• We'll review your changes and then merge them in if everything is OK.
  • Done 🎉🍺

Alternatively, you can make the changes offline to the files in the doc folder or the example scripts. See Contributing Code for instructions.

Contributing Code

Is this your first contribution? Please take a look at these resources to learn about git and pull requests (don't hesitate to ask questions):

If you're new to working with git, GitHub, and the Unix Shell, we recommend starting with the Software Carpentry lessons, which are available in English and Spanish:

General guidelines

We follow the git pull request workflow to make changes to our codebase. Every change made goes through a pull request, even our own, so that our continuous integration services have a change to check that the code is up to standards and passes all our tests. This way, the master branch is always stable.

General guidelines for pull requests (PRs):

  • Open an issue first describing what you want to do. If there is already an issue that matches your PR, leave a comment there instead to let us know what you plan to do.
  • Each pull request should consist of a small and logical collection of changes.
  • Larger changes should be broken down into smaller components and integrated separately.
  • Bug fixes should be submitted in separate PRs.
  • Describe what your PR changes and why this is a good thing. Be as specific as you can. The PR description is how we keep track of the changes made to the project over time.
  • Do not commit changes to files that are irrelevant to your feature or bugfix (eg: .gitignore, IDE project files, etc).
  • Write descriptive commit messages. Chris Beams has written a guide on how to write good commit messages.
  • Be willing to accept criticism and work on improving your code; we don't want to break other users' code, so care must be taken not to introduce bugs.
  • Be aware that the pull request review process is not immediate, and is generally proportional to the size of the pull request.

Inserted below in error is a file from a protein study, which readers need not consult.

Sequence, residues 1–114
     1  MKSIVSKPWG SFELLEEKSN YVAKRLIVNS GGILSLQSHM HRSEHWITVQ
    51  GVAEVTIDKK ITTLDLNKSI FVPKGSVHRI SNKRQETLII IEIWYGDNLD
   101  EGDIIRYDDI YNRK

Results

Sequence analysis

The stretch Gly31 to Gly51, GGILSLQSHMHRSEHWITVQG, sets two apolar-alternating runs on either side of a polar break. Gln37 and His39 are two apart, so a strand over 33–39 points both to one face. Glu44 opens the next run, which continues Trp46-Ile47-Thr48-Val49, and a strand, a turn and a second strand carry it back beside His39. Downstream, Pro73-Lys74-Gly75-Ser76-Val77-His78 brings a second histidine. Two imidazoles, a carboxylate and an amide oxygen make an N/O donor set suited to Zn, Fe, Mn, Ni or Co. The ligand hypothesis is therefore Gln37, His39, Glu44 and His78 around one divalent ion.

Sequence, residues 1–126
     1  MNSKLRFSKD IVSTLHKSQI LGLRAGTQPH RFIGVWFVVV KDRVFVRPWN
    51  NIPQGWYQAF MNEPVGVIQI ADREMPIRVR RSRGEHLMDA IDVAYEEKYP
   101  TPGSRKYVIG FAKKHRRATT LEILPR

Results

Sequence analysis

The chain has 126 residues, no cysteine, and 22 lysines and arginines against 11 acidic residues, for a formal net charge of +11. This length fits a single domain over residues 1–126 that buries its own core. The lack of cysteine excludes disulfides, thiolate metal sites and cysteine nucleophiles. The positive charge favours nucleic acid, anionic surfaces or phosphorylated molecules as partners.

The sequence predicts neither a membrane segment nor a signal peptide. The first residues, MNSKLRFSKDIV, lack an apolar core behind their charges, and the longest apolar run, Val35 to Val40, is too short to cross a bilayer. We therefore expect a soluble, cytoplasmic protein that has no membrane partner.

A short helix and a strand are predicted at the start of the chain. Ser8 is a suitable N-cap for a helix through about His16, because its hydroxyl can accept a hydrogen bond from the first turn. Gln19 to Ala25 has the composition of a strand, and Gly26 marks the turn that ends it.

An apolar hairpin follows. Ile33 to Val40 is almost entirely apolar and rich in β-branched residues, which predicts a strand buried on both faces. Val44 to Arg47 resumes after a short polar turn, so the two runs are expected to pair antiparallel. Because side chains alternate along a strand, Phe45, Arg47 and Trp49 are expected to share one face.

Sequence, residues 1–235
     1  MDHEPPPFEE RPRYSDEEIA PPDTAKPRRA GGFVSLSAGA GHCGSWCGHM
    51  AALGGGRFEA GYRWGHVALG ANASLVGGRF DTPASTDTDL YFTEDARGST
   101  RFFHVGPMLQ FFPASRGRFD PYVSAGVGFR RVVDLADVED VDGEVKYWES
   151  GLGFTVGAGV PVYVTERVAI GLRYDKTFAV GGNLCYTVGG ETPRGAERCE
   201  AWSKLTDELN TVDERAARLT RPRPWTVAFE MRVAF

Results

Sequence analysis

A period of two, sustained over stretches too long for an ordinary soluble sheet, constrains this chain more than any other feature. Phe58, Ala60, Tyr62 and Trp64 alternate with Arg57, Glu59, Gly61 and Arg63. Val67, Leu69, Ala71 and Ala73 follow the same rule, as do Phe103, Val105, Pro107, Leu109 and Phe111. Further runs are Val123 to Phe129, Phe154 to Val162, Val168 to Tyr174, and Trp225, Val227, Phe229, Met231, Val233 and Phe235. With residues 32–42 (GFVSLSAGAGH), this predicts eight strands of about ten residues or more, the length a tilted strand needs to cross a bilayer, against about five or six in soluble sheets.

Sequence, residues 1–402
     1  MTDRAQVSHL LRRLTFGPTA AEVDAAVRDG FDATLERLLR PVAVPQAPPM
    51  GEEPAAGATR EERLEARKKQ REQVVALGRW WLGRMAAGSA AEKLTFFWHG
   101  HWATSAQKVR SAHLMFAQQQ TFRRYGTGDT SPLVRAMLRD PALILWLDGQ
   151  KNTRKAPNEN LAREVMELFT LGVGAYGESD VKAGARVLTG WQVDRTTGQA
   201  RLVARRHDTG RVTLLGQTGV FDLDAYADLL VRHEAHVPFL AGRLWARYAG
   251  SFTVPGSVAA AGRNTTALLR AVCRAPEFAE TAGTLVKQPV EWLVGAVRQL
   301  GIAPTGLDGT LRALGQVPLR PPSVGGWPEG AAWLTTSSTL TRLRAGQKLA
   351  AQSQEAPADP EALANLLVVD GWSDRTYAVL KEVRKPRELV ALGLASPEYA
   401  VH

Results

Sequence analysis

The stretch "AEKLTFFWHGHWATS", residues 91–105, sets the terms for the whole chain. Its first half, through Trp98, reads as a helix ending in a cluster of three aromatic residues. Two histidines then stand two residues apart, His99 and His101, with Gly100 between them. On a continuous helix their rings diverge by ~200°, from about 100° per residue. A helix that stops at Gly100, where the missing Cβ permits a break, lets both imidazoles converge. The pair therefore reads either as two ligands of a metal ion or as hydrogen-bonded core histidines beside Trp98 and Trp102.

Setting up your environment

We highly recommend using Anaconda and the conda package manager to install and manage your Python packages. It will make your life a lot easier!

The repository includes a conda environment file environment.yml with the specification for all development requirements to build and test the project. Once you have forked and clone the repository to your local machine, you use this file to create an isolated environment on which you can work. Run the following on the base of the repository:

conda env create

Before building and testing the project, you have to activate the environment:

conda activate ENVIRONMENT_NAME

You'll need to do this every time you start a new terminal.

See the environment.yml file for the list of dependencies and the environment name.

We have a Makefile that provides commands for installing, running the tests and coverage analysis, running linters, etc. If you don't want to use make, open the Makefile and copy the commands you want to run.

To install the current source code into your testing environment, run:

make install

This installs your project in editable mode, meaning that changes made to the source code will be available when you import the package (even if you're on a different directory).

Code style

We use Black to format the code so we don't have to think about it. Black loosely follows the PEP8 guide but with a few differences. Regardless, you won't have to worry about formatting the code yourself. Before committing, run it to automatically format your code:

make format